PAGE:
89. Sums and sums of squares in C++. Reduce is a higher order function which applies a another function repeatedly to a collection of values, accumulating the result. Well known to functional programmers, reduce is also a standard C++ algorithm.
  90. BIG G little g - What begins with G? Capitalisation: Google or google?
  91. Removing duplicates using itertools.groupby. An interpreted Python session showing itertools in action.
  92. Merging sorted streams in Python. Did you know that Python's for loops can have an else clause? Here's how it can be used in a stream-merging function.
  93. Launching missiles and other unhappy accidents. Launching a missile is an example of a dangerous programming side-effect. Bus accidents are used to motivate team-work.
  94. Life, user manuals, recursive pictures
  95. Looping forever and ever
  96. Syntactic Sugar
  97. Macros with halos
  98. Entertaining Documentation
  99. iBlame Exchange
  100. Distorted Software. What does software look like? This article suggests that architecture diagrams get the emphasis wrong.
  101. tag.wordaligned.org
  102. Rewriting String.Left()
  103. Me, Myself and OpenID. Setting up a personal OpenID server using phpMyID
  104. Nonce Sense. Cryptography
  105. Fixing header file dependencies. A simple script to check header files are self contained
  106. Running Sums in Python. A Python program to generate the running sum of a series.
  107. Eurovision 2008 charts
  108. Curling for web sites. A script using curl and bash to detect when a website status changes.
  109. Fixing Compiler Warnings the Hard Way. Listen when your compiler grumbles, but sometimes you should ignore its suggestions.
  110. Accidental Emacs. A list of Emacs modes and tricks I use all the time but discovered by accident.
  111. Scatter pictures with Google Charts
  112. Takewhile drops one
  113. Stop the clock, squash the bug. Which is better, a clock which loses a minute a day or one which is stopped? An investigation into how we find and fix software defects.
  114. Hunting down globals with nm
  115. Programming Nirvana, Plan B. Simon Peyton Jones discusses functional programming, Haskell, and promotes a radical route to programming Nirvana at ACCU 2008.
  116. Fun with Erlang, ACCU 2008
  117. White black knight then black white knight. Yet more on drawing chessboards
  118. Drawing Chess Positions. A follow-up article on scripting graphics.
  119. Ima Lumberjack, (s)he’s OK. Gender-neutral technical writing using fictional names.
  120. Drawing Chessboards. An article about creating graphics programmatically.
  121. Tracing function calls using Python decorators. Developing code to trace function calls using Python decorators.
  122. Sugar Pie. Approximating pi by scattering sugar.
  123. The Price of Coffee. Offering something for nothing and getting paid nothing for it. Leap day ramblings.
  124. Top Ten Percent. The most efficient way to sort the top 10% of a collection.
  125. Top Ten Tags. Choosing the right algorithm to select the N largest items from a collection.
  126. No www, yes comments, no categories
  127. Lexical Dispatch in Python. Dispatching to functions based on their names
  128. Essential Python Reading List. An essential Python reading list. I've ordered the items so you can pause or stop reading at any point: at every stage you'll have learned about as much possible about Python for the effort you've put in.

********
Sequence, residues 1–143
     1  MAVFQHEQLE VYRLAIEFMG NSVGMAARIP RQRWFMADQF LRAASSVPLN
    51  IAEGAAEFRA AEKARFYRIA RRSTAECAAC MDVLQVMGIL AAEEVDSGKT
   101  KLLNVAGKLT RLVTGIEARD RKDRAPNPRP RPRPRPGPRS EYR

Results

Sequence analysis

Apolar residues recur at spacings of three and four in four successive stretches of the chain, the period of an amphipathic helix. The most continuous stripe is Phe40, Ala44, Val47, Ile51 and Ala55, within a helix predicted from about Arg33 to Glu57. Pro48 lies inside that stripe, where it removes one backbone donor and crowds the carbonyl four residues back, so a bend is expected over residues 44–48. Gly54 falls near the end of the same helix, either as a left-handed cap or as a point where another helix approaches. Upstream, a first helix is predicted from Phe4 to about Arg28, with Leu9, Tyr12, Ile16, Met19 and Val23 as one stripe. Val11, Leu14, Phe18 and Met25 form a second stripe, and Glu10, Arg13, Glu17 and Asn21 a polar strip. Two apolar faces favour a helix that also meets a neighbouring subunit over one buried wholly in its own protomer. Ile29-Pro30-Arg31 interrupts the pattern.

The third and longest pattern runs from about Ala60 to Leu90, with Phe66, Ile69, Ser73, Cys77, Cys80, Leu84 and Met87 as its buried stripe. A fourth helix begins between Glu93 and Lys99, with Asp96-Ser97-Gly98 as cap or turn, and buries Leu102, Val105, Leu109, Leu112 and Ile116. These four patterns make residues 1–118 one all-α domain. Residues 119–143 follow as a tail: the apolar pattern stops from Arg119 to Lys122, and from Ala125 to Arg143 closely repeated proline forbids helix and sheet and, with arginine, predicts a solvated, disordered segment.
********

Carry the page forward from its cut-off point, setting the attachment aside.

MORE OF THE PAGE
129. Attack of the Alien Asterisks. Unusual font rendering on Windows
  130. From Hash Key to Haskell. A note on keys, characters, smileys, digraphs and Haskell.
  131. Erlang Erlang. A parallel processing problem.
  132. Animated pair streams. Another look at the functional programming problem of generating an infinite sequence of pairs. An example of using the Python Imaging Library to generate an animated GIF.
  133. ACCU Conference 2008. A preview of ACCU 2008.
  134. File shifting using lftp and rsync. Sometimes it's easier to shift files using the command line, rather than a GUI.
  135. Too big or too clever? Steve Yegge says that, for large applications, size is an enemy best controlled by dynamic languages. Alex Martelli says a language can be too dynamic for a large application. Who's right?
  136. Maybe we live in a scripting universe. Comments on Larry Wall's 11th State of the Onion address.
  137. The Maximum Sum contiguous subsequence problem. A stream-based solution to a classic computer science problem.
  138. So many feeds, so little news. So many feeds, so little news. A reflection on internet consumption.
  139. Elegance and Efficiency. Must elegant code be efficient? This article investigates.
  140. Not my links
  141. Ever wish you’d branched first? A short article describing how to branch a Subversion working copy based on the development trunk.
  142. Zippy triples served with Python. How do you generate previous, this, next, triples from a collection. A stream-based solution in Python.
  143. Paging through the Manual using Access Keys
  144. Anti-Social Build Orders. An article advocating zero-tolerance for anti-social build offences.
  145. Metablog. Reflections on 14 months of blogging, and why I'm no longer using Typo.
  146. RTM vs STW
  147. Seeing with a fresh pair of ears
  148. Reversing Hofstadter’s Law
  149. Lock but don’t but
  150. Mistargeted ads
  151. svn help patch
  152. Big City Skyline Puzzle. Comments on a novel computer science puzzle. When machine resources are scarce, a compiled language offers precise control.